WASHINGTON (AP) — President Barack Obama is taking his case against Republican to millions of Americans on Friday, faulting the party for refusing to help him turn around the sluggish economy or support some proposed new tax breaks for businesses the party has backed in the past.
Facing devastating poll numbers and prospects of big losses, Democrats are in danger of losing control of the House of Representatives in November congressional elections. In a nationally televised news confrence from the White House, Obama is trying to convince voters that they have a choice between going back to Republican policies that led to the economic crisis or going forward with policies he says will grow the economy over the long term.
Before taking questions, Obama was to open the session with a statement on the economy and the stakes in the elections and, according to a White House official, announce that he has chosen one of his longtime economic advisers, Austan Goolsbee, to be the chairman of his Council of Economic Advisers. The official spoke Thursday on condition of anonymity because the formal announcement had not been made.
Goolsbee, 41, a University of Chicago professor of economics, was Obama's senior economic adviser during the 2008 presidential campaign. He already has been confirmed to the council by the Senate and will need no further confirmation. He replaces Christina Romer, who left the administration last week to return to teaching at the University of California, Berkeley.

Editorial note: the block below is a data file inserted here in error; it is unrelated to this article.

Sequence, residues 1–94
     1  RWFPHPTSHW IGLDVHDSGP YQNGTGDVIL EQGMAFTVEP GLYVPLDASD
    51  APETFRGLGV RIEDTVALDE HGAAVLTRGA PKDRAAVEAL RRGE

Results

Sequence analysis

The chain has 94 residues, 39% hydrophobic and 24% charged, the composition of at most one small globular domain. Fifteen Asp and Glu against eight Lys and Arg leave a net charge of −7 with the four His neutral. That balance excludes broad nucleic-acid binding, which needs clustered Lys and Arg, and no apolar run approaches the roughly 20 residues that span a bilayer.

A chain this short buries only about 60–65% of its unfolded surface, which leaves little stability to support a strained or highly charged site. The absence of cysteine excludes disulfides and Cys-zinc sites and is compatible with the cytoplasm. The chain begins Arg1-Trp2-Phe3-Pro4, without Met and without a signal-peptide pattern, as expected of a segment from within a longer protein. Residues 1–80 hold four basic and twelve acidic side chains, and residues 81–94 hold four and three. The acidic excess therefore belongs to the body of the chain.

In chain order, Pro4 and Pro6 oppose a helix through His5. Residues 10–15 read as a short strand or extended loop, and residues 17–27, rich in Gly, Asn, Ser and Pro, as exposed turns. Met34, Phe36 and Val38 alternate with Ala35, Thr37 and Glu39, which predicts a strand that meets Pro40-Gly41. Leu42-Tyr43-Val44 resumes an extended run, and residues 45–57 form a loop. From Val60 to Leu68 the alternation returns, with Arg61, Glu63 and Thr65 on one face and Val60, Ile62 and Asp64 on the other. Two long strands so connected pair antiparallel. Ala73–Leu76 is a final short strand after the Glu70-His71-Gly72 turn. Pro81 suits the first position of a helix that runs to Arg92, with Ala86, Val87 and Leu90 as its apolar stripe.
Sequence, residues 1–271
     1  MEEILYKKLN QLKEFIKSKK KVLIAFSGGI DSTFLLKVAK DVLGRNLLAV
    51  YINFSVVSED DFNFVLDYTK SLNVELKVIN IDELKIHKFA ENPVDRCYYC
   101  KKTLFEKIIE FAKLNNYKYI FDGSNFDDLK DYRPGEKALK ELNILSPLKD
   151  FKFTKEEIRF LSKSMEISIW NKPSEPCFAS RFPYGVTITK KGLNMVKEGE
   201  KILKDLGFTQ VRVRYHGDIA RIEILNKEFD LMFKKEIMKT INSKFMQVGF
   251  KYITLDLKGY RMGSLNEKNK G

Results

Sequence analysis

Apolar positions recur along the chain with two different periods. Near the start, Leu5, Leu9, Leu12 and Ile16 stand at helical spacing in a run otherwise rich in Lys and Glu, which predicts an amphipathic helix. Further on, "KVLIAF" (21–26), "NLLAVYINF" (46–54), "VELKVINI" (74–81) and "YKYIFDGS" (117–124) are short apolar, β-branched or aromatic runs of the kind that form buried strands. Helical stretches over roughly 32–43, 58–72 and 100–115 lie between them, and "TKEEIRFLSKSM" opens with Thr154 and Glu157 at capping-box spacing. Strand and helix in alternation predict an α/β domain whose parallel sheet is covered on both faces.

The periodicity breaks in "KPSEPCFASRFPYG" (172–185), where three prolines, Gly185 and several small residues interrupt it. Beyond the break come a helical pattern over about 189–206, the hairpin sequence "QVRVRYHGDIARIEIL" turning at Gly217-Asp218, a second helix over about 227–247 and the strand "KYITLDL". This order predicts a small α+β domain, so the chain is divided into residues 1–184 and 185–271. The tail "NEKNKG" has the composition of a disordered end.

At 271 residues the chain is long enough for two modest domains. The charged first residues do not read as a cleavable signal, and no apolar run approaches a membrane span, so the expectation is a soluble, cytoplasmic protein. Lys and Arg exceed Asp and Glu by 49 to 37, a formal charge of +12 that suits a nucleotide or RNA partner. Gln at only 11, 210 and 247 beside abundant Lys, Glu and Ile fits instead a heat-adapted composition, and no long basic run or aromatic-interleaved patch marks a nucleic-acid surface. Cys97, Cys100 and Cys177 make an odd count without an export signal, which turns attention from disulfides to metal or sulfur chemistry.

Feeling pressure amid slumping polls to show he is doing everything possible to repair the economy, Obama this week unveiled a tax-and-spend package that would expand and permanently extend a tax credit for research and development that lapsed in 2009, let businesses write off 100 percent of their investments in equipment and plants through 2011, and spend $50 billion (€39.3 billion) immediately on highway, rail and airport projects.
House Republican leader John Boehner of Ohio has offered an alternative plan: freezing tax rates for two years and cutting back government spending to 2008 levels.
Obama also wants to let taxes rise next year on the highest wage earners while keeping existing tax cuts for families with annual incomes of $250,000 or less and individuals making $200,000 a year maximum. Republicans insist on keeping the lower tax rates for higher incomes, arguing that doing so would help small businesses too. Obama argues that's a financial burden the country can't afford to bear.
By law, taxes will rise for everyone next year unless Congress acts.
But even some of Obama's own Democrats and his former budget director, Peter Orszag, have suggested a compromise that would temporarily extend all the tax cuts that were enacted in 2001 and 2003 under President George W. Bush, to leave more money in consumers' pockets and give the economy some breathing room, before the tax cuts are allowed to expire entirely in a year or two.